Here’s a video of riding the train: VIDEO!
Golden Gate Bridge: I’ll let the pictures speak for themselves.
Fruit Bats in a Tree: Here’s a picture.
Cambodia’s Only Winery: I never really got the full answer about whether or not these grapes are indigenous to Cambodia, but I’m guessing not. The best I can come up with is that a woman came and gave some grapes to the winery and now they operate a small farm of grapes (and many other fruits) to make wine. Out of the five places I’ve visited in Cambodia and ordered wine, none have offered me Cambodian wine. BUT. The real highlight of this place was the one-day-old puppy living here! See the photos and read below for a surprise twist to this story.
I was so excited about this puppy that I came back to the guesthouse raving about it. I convinced two other travelers to go with Nit the next day to see the sights and made them promise to pet the one-day-old puppy. When I saw them later that night and asked about the puppy, they said something like, “it was okay.” I knew something was up. They finally admitted that the puppy died. A victim of having been sat on by his mother. It’s not easy being a one-day-old puppy with a big mother.
Phnom Banon: The temple looks a bit like a much smaller version of Angkor Wat and locals like to say it was the inspiration. The jury is out on that. It was built in the 11th century and sits very high up, above 358 really steep steps. As Daley and I began the trip a little girl came with us and fanned us the whole way. It was a bit embarrassing that she was able to bound up the steps (and does it multiple times a day) and we were huffing and puffing. We got to the top and the view was great.
Phnom Sampeau: This mountain has a few small temples at the very top. It most easily accessed by a jeep that you can find at the bottom of the mountain. Daley and I split this with two French people and their guide came along for the ride to the top. The views were awesome, but the best part was the guide giving us his opinion on current Cambodian politics. Throughout the day we came across an irrigation system being built. We knew it was funded by the Chinese (they’re doing tons of infrastructure-type projects throughout the country, which ultimately is in their best interest,) but the French guide told us about how the system would allow for more rice to be grown, however who it can be sold to it closely regulated. The Chinese and Vietnamese can buy it, but at a much lower price than is fair. Our guide also feels that the current political system in power (the Cambodia Peoples Party, or CPP, led by Hun Sen with Vietnamese ties) is terrible and speaking out against them is a bad idea. In fact, he wouldn’t talk about it (despite lots of questions) until we were at the top of the mountain in a small area where there were no other Cambodian guides. I wish we could have spoken to him more, but we were on a time table to make sure we saw the bats and the cave so we were off. Next stop at Phnom Sampeau was the Killing Cave. The temples at the top of the mountain were used as Khmer Rouge prisons and as people became sicker and sicker, they would take them and knock them over the head (bullets were expensive so they saved those) and throw them down into a cave. We were led down into the cave (I was ready to leave pretty much immediately) where we saw the area where the bodies piled up and could see a small memorial with bones and skulls. We left and I was glad.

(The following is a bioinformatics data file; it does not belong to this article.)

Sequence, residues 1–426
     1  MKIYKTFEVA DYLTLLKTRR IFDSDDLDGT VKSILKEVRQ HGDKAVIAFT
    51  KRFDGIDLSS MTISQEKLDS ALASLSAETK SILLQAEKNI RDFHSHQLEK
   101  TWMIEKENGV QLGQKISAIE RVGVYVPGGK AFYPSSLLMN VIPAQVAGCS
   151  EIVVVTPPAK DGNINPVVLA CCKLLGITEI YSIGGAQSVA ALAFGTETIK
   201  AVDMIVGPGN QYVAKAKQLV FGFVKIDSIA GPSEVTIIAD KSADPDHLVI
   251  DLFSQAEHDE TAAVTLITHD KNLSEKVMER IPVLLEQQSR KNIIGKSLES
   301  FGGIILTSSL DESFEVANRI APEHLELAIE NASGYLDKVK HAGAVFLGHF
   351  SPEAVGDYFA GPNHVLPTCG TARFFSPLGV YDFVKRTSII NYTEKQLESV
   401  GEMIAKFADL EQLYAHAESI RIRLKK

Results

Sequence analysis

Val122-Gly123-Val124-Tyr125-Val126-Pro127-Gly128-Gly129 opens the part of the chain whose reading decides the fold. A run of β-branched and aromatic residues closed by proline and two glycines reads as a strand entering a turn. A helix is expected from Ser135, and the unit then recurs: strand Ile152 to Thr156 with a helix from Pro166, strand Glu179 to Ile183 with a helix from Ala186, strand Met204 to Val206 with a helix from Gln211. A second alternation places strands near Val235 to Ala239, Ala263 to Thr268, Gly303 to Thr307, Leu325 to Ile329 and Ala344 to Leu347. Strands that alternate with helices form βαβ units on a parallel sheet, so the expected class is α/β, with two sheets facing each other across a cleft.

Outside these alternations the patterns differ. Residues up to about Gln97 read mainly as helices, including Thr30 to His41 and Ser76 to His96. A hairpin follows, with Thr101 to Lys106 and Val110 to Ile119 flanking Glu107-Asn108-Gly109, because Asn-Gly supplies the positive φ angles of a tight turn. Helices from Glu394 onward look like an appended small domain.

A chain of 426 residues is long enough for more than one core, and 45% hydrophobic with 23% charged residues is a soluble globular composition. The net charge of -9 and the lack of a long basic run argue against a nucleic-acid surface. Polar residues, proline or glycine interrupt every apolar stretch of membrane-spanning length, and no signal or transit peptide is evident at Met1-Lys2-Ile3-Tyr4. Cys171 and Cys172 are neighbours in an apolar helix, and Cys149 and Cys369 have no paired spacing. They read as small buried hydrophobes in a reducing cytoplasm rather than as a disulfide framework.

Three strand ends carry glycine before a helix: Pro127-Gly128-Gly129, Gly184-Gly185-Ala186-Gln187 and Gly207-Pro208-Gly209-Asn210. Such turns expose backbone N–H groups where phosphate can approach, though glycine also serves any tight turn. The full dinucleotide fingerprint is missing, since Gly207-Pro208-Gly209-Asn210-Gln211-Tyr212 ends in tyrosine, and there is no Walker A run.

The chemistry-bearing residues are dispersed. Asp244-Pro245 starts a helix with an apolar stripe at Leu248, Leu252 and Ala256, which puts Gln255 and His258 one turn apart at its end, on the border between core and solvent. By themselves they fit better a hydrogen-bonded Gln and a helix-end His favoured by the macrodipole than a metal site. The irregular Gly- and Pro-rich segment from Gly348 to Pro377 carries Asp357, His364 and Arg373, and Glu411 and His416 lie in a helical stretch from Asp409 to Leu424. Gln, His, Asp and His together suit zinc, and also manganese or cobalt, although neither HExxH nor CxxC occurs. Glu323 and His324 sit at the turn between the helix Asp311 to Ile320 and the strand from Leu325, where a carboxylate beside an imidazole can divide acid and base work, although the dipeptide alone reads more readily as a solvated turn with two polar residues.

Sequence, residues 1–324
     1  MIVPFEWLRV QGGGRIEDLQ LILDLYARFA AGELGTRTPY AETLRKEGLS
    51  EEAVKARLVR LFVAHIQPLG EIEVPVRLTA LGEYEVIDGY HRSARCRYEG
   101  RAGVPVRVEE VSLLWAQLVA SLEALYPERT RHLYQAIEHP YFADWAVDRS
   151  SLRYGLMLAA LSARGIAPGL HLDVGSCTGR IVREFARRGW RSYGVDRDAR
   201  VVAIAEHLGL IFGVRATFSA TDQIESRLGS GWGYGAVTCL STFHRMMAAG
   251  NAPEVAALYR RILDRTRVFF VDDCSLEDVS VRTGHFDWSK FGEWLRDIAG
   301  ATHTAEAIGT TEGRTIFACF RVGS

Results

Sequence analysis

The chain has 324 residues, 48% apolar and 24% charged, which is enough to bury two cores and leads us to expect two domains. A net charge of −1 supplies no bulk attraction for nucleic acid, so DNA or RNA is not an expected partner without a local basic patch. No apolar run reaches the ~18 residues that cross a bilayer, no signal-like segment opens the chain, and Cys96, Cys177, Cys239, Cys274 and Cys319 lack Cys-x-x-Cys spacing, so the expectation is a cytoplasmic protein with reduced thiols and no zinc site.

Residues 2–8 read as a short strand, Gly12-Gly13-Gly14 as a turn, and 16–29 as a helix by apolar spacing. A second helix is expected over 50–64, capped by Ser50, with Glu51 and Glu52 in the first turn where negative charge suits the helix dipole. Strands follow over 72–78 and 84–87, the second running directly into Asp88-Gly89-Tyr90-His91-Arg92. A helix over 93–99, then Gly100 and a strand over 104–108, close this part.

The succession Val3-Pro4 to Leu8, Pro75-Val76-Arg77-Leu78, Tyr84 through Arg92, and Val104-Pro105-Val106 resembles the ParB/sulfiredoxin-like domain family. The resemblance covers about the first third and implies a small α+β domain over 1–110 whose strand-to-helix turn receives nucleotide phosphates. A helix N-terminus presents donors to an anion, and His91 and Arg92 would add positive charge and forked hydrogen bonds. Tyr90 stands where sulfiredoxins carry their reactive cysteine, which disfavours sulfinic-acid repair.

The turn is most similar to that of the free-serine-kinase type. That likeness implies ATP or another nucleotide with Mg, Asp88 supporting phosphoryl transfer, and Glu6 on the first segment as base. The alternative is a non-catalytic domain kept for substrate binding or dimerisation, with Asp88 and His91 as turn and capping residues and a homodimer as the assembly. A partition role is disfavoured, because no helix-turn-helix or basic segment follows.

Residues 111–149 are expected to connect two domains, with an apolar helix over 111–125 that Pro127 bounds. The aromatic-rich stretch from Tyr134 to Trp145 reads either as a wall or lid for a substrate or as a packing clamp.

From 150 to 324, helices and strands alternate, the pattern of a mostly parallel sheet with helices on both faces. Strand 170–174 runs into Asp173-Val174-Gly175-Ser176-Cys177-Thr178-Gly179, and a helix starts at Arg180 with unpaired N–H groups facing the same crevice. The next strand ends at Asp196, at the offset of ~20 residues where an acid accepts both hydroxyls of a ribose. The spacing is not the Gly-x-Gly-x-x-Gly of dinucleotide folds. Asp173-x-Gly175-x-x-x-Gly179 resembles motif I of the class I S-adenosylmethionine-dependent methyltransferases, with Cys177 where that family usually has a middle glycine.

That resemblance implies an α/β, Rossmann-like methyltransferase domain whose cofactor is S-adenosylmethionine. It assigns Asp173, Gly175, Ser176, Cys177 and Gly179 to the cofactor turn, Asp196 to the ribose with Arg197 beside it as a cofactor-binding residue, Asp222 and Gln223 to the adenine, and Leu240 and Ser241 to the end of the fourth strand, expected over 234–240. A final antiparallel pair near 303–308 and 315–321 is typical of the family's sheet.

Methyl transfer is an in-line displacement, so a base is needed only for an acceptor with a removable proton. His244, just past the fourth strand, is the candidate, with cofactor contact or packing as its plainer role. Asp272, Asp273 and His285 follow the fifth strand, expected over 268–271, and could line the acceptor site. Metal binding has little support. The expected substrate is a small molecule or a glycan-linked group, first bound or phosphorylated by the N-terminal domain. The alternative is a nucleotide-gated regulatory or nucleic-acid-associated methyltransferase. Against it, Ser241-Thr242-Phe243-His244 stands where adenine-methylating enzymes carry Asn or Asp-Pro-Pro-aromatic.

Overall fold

I’ll talk more about the Khmer Rouge when I write about my time in Phnom Penh, but the more you hear about the time they were in power (1975-79) the more horrible it is. This is just one small example of killing that took place. Ultimately a third of the entire population was eradicated. Of this, 95% of all doctors were killed. Almost all teachers were killed. Anyone with an education that could potentially organize a rebellion or want to take revenge against the Khmer Rouge was thought to be a threat and killed. This even included people who wore glasses as they were considered intelligent and/or wealthy.
Bat Cave: Last stop of the day and absolutely awesome. Every day just before sunset, thousands of bats fly out of a nearby cave and head out to find food. This goes on for 40 minutes. It was truly one of the most amazing things I have ever seen in my life.
Here’s a video of thousands of bats: VIDEO!
Until next time, friends and family!